Bidi worker Rousuna Bibi in Jangipur. Picture by Chayan Majumdar
Merina Khatun, 20, was divorced by her husband last week because she couldn’t roll enough bidis a day to supplement the family income. She had left school aged 10 to learn to make bidis but admits to not being very fast
Hena Khatun, 19, can’t get married despite her good looks because of her poor bidi-making skills
Jangipur, Dec. 25: In Murshidabad’s Jangipur subdivision, women’s chances of finding a husband, and of staying married if they do, can hinge on their efficiency at rolling bidis.
In the past 10 years, since the bidi factories came up and half the subdivision’s impoverished population became dependent on the industry, marriages have been breaking up because the wife cannot make the mandatory 1,000 bidis per day that would fetch Rs 75.
Eight lakh people, 60 per cent of them women, depend on bidi-making in Jangipur, whose hundreds of bidi factories account for more than 50 per cent of the state’s production.
The men do the packing at the factories, earning Rs 4,000-5,000 a month, which is usually not enough to sustain their families.
“Most of the factory workers engage their wives in making bidis at home to add to the family income,” said Zakir Hossain, managing director of Shiv Bidi Company.
Even the farmers, masons and stone-chip workers want their wives to roll bidis at home.
So much so that, Suti MLA Imani Biswas said, many girls drop out of school at the age of 10 to learn to make bidis, adding to their parents’ income and hoping their skill would help them find husbands.
The trend has had effects on social customs: a girl adept at bidi-rolling no longer has to worry about dowry too much.
The malaise of wives being abandoned for failing to deliver male children has seen a decrease too — a baby girl is welcome because she too can earn money by making bidis.
On the flip side, their relatively slow fingers have cost Rousuna Bibi of Suti and Merina of Debipur village their marriages. And ten prospective grooms’ families have rejected 19-year-old Hena in the past two years, her mother Golnoor Bibi said.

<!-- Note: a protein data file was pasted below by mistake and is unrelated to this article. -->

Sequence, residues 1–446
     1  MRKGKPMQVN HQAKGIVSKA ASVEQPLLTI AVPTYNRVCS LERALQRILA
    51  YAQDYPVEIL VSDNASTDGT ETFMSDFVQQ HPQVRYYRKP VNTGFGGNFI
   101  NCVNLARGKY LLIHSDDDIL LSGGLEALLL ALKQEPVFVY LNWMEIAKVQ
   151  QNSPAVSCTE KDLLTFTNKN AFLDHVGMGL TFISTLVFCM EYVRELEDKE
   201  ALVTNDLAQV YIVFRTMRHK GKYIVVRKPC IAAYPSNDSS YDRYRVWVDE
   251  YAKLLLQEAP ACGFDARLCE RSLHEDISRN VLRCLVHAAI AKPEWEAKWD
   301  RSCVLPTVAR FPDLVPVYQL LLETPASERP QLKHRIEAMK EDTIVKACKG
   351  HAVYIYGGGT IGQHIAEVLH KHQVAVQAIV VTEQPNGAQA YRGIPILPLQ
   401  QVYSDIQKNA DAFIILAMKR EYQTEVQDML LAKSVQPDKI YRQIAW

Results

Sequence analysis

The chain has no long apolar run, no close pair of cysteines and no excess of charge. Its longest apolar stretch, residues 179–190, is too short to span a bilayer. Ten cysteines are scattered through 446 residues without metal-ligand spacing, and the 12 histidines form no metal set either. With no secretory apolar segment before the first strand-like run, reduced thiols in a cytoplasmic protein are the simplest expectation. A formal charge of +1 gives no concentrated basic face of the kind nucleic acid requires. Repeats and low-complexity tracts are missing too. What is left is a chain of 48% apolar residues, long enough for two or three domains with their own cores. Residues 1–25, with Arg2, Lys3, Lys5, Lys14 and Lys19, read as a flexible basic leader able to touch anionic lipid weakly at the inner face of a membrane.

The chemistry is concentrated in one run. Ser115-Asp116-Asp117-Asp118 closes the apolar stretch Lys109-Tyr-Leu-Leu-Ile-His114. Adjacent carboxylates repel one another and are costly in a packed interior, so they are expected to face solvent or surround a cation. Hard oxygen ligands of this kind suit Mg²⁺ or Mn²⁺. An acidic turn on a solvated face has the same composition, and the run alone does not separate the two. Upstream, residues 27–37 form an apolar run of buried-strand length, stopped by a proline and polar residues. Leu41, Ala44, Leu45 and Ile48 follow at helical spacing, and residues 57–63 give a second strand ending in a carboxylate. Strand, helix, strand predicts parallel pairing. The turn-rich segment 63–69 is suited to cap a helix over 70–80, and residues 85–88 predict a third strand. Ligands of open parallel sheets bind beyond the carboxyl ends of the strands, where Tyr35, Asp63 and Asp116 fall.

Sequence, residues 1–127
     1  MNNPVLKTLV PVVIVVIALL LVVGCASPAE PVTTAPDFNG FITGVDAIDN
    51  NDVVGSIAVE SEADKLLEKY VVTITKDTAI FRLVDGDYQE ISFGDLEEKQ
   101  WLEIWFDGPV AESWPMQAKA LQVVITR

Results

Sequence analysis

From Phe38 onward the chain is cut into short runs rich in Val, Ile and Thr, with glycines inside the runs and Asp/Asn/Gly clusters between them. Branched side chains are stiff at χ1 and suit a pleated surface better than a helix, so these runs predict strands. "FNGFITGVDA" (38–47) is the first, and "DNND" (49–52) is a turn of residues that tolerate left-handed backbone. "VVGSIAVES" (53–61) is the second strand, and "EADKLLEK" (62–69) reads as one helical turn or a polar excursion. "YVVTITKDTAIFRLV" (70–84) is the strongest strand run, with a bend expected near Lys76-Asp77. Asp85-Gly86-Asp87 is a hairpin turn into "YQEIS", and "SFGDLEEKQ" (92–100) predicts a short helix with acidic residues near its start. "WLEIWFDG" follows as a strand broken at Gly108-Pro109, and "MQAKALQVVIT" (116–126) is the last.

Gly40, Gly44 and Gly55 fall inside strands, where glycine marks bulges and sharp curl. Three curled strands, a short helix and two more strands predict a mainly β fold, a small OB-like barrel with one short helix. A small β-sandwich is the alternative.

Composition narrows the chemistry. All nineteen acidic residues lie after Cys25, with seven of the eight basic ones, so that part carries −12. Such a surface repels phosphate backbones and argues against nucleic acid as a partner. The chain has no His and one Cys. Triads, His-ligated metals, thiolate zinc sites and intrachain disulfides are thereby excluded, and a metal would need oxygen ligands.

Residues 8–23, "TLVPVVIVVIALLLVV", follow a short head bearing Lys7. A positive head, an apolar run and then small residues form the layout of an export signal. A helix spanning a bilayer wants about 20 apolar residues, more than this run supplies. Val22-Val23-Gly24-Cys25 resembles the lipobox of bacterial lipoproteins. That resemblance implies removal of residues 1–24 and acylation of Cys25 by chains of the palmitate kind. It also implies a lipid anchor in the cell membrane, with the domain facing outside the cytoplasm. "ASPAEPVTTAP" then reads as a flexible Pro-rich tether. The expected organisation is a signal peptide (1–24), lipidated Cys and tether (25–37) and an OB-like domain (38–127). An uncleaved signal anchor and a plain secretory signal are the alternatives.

“My daughter is good-looking but cannot roll more than 250 bidis a day,” Golnoor said. Hena will probably need to bring in a heavy dowry if she cannot improve her skills.
Merina, too, could not make more than 300-400 bidis a day but didn’t have trouble getting married. Groom Rakeeb Momin and his father Montu had assured her she would “catch up in a few months”, she told The Telegraph.
When she didn’t, she says, the beatings and insults began. “About a year ago, my husband asked me to leave for my parents’ home, and return only when I had learnt to roll 1,000 bidis a day. I had no choice.”
Rakeeb, a packer at a bidi factory in Dulapara village who earns a daily wage of Rs 150, divorced her last week. He couldn’t be contacted: his brother Rafikul said he was away.
“My sister-in-law was lazy and refused to work,” Rafikul said. “She was told many times to improve her speed but she wouldn’t listen. That’s why my brother divorced her.’’
Merina is now trying hard to make the cut of 1,000. “These days, I can make 700-800. I’m not thinking of remarriage right now but if my efficiency increases, it will help my family financially,’’ she said.
Rousuna, 22, too was first sent back to her parents’ home and eventually divorced four months ago. She has a one-year-old son to look after.
“Before marriage, I used to make 800 bidis daily. But shortly after marriage, I began to have breathing problems and often fell sick. So, let alone make the required 1,000 bidis, I couldn’t even make 800 any more,” Rousuna said.
Her husband Azabur Sheikh said: “She deliberately stopped making more bidis. This led to a lot of unpleasantness because our livelihood depends on the bidi industry.”